“Eliakim, son of Hilkiah”, that is, “the one that God sustains” is the result of a conscience that says “my portion is the Lord”. The Lord promises to give you a tunic, a belt, and a key, both of which are symbols of your authority. The tunic points to prophetic authority. Prophets commonly wore a robe, which identified them among the crowd. The belt points to the priestly office. And the key represents the king’s authority. The figure of Eliakim represents Christ himself. He “has the key to David. What opens, and nobody closes and closes, and nobody opens ” (Rev.3: 7). He receives dominion, and rises as“ father to the inhabitants of Jerusalem ”. He takes care of all the smaller pots, from the bowls to the jars.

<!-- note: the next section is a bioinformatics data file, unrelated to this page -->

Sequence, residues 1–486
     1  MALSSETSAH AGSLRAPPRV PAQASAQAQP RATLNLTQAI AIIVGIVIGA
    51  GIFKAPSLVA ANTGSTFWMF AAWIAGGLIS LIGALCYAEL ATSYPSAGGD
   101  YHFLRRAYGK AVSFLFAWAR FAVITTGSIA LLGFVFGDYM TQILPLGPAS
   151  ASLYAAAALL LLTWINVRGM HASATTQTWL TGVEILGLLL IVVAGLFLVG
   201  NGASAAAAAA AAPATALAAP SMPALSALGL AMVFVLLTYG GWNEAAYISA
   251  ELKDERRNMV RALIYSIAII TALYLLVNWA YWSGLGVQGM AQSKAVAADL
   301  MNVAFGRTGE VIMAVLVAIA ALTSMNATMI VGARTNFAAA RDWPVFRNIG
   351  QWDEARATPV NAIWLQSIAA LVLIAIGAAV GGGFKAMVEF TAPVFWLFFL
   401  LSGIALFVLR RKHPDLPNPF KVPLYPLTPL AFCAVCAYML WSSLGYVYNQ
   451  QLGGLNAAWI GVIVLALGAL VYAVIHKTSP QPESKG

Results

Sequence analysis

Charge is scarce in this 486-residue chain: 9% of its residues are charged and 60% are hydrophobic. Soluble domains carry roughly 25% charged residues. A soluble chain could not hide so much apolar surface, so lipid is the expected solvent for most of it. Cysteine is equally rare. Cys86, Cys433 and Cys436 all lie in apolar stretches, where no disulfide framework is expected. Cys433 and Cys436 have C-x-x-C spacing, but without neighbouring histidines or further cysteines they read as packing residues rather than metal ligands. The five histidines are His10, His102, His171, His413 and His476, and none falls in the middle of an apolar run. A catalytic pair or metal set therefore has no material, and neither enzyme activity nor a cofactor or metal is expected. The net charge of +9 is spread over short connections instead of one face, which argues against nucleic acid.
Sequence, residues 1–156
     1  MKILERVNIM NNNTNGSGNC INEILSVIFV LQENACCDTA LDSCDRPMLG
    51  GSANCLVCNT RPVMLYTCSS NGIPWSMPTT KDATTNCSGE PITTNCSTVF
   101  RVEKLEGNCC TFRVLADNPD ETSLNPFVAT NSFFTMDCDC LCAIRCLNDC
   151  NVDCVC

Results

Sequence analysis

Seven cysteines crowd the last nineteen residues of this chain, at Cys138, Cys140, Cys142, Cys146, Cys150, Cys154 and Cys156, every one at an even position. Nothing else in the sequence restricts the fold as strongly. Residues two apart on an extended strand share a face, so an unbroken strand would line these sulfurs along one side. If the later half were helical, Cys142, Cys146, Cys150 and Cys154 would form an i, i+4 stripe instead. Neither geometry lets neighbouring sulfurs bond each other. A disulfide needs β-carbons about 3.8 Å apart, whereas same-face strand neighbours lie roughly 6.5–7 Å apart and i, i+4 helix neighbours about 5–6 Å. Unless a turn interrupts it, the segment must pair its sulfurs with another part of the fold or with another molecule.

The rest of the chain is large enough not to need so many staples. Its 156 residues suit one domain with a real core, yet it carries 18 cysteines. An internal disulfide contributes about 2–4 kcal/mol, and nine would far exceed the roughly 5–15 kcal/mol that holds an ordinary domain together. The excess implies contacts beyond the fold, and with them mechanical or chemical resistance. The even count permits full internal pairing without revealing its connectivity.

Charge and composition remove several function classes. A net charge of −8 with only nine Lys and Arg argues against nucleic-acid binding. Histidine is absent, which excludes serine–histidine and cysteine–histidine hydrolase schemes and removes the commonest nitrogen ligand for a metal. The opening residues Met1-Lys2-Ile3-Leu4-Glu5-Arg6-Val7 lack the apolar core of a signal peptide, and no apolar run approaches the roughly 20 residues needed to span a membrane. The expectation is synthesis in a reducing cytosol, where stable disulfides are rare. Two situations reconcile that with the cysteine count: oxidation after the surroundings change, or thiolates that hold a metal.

All the glory of His Father’s house was hung in Him. He is a throne of honor for His Father’s house. There is no doubt that this text speaks of Christ. He has the master key to the royal palace. He has access to all the riches of the Father and reveals them to anyone he wants. He declared: “Everything for my Father was given to me; and no one knows who the Son is, except the Father, nor who the Father is, except the Son and the one to whom the Son wants to reveal him ” (Luke 10:22) If He opens a door, there is no one who can close it. But if He closes, no one can break it. What’s in the rooms of the Palace of the King of Kings?

“May there be peace within your walls, and prosperity within your palaces” (Psalm 122: 7)